In the heart of the American Wild West, amid the sun-baked deserts and rugged landscapes of New Mexico in the late 19th century, a bitter and bloody feud erupted, forever engraving the name Lincoln County into the frontier’s history.

The Lincoln County War, a conflict fueled by greed, power, and personal vendettas, transformed a seemingly peaceful frontier town into a lawless battleground, leaving a trail of death and destruction in its wake.

Let’s Bring It Back to the Late 1800s

The story of the Lincoln County War is inseparable from the rugged backdrop of the American frontier during the late 1800s.

Lincoln County, situated in the southeastern region of New Mexico Territory, was a place where dreams of fortune and fame collided with the harsh realities of life on the edge of civilization. Towns like Lincoln and Las Vegas were brimming with diverse and colorful characters – cattle ranchers, homesteaders, outlaws, and drifters – all seeking their own piece of the American dream in this untamed land.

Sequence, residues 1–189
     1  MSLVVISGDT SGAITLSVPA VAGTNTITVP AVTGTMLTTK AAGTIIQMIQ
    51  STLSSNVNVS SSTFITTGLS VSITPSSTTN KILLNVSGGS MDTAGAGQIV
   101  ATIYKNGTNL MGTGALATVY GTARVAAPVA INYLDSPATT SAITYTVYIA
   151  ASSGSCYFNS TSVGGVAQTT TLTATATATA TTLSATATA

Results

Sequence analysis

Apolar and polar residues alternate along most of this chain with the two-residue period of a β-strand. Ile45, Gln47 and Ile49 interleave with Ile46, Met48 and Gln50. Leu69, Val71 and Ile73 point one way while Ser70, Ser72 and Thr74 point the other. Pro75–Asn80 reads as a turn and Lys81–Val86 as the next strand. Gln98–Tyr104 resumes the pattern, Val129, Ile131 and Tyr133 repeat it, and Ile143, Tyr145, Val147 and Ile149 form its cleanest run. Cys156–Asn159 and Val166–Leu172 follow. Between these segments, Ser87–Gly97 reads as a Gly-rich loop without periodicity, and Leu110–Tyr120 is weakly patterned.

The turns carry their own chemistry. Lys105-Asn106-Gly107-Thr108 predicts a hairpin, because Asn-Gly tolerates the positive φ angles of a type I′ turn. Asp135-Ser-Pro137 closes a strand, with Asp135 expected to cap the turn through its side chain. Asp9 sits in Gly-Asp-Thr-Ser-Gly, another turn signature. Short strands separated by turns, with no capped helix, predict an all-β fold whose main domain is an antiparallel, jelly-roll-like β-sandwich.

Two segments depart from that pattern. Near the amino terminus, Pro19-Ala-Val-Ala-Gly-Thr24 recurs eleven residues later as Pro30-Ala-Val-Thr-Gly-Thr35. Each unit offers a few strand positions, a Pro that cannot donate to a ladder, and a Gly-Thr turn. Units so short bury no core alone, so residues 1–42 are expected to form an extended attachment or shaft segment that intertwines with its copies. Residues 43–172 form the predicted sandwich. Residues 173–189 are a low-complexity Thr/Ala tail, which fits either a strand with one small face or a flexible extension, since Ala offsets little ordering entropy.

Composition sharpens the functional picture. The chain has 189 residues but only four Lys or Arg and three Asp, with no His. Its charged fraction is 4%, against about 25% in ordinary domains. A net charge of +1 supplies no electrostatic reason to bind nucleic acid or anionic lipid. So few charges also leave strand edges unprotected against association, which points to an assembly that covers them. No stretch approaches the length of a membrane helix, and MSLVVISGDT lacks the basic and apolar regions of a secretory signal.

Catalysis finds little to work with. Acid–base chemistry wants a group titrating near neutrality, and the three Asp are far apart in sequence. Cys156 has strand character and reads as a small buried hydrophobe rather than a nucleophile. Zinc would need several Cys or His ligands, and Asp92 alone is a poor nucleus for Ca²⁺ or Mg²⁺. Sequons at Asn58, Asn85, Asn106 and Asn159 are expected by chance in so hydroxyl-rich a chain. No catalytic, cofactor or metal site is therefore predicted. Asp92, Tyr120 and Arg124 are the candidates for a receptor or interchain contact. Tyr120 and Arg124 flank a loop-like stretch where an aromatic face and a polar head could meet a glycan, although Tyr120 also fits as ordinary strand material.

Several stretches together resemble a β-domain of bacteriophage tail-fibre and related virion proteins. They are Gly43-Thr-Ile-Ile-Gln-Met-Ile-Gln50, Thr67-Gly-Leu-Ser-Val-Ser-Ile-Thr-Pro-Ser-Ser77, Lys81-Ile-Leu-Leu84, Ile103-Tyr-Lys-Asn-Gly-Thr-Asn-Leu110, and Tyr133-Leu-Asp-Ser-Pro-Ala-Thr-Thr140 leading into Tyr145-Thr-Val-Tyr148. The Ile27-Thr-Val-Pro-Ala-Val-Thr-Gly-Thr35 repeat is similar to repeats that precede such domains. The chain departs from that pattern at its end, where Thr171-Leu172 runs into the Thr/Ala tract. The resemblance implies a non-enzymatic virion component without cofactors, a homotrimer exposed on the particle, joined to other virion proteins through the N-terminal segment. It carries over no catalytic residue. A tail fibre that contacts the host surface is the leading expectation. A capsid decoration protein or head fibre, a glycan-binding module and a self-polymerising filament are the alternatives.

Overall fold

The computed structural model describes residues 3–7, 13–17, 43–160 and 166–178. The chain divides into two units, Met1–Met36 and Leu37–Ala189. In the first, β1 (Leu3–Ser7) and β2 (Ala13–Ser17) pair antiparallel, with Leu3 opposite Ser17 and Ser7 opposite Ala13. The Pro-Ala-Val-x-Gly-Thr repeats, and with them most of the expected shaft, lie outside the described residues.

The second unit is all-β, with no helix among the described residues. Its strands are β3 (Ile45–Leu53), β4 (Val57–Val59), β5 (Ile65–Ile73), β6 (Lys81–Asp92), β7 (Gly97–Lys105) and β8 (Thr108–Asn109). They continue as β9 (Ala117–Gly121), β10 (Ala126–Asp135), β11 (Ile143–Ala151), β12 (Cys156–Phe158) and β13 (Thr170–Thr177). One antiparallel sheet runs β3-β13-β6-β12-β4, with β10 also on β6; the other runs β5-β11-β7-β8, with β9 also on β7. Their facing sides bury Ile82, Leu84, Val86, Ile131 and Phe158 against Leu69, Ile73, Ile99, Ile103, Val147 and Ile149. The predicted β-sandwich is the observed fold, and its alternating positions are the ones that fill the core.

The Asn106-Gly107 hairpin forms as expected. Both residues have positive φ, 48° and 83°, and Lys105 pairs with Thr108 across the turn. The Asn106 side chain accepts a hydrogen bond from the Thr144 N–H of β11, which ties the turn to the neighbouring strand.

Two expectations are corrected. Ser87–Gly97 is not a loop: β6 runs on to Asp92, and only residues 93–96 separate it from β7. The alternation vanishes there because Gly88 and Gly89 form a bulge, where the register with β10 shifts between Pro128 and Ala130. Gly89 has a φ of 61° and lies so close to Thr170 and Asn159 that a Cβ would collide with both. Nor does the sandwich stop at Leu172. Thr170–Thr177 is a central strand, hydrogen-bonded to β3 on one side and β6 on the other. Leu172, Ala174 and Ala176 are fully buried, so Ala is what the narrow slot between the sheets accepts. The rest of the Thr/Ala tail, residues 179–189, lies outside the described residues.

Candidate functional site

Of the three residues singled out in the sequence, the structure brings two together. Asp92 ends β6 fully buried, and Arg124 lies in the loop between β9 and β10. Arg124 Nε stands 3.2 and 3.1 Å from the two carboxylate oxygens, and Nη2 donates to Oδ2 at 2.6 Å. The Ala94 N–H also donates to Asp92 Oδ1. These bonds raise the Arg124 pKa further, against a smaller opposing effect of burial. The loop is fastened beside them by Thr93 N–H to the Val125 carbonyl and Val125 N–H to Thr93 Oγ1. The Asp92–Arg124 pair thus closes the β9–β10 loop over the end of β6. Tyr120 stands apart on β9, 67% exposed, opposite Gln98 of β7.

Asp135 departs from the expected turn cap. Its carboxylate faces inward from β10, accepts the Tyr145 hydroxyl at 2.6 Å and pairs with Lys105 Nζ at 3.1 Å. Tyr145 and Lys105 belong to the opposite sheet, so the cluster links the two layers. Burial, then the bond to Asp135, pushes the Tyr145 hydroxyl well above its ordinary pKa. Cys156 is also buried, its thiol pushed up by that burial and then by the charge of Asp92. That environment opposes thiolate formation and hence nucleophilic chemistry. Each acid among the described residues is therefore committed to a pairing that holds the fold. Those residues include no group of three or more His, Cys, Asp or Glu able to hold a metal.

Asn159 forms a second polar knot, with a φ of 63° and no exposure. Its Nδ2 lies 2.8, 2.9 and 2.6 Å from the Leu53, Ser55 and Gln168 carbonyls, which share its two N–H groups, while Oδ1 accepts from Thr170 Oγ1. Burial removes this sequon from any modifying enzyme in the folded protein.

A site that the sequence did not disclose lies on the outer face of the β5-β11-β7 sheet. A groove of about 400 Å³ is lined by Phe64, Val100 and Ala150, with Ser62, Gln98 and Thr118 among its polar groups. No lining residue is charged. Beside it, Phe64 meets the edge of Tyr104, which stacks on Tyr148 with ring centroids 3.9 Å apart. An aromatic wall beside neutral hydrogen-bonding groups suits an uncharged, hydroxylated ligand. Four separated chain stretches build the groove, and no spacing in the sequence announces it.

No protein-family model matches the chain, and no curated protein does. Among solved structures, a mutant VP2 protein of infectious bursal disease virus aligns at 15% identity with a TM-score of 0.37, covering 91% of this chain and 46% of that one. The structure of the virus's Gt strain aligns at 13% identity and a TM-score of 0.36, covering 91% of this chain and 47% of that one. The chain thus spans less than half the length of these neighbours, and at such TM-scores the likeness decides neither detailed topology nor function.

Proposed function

The Powder Keg

At the heart of the Lincoln County War lay a complex web of rivalries and disputes, but the powder keg was ignited by the competition between two general stores: the Murphy-Dolan Store and the Tunstall-McSween Store.

The former was owned by Irish-Americans Lawrence G. Murphy and James J. Dolan, a pair of influential businessmen who held sway over the county’s economic and political affairs. In contrast, the latter was run by John Tunstall and Alexander McSween—ambitious newcomers determined to challenge the established order.

As tensions mounted, the feud began to escalate. The war took on a personal dimension when Tunstall, a young English emigrant who became a beloved figure among the local youth, was gunned down in cold blood by Sheriff William Brady and his posse in February 1878.

John Tunstall, Billy the Kid
Portraits of John Tunstall (left) and Billy the Kid (right) / (Image source: Wikimedia Commons)

This event galvanized Tunstall’s supporters, known as the Regulators, into action, with Billy the Kid, then a teenager named Henry McCarty, emerging as one of its most infamous members.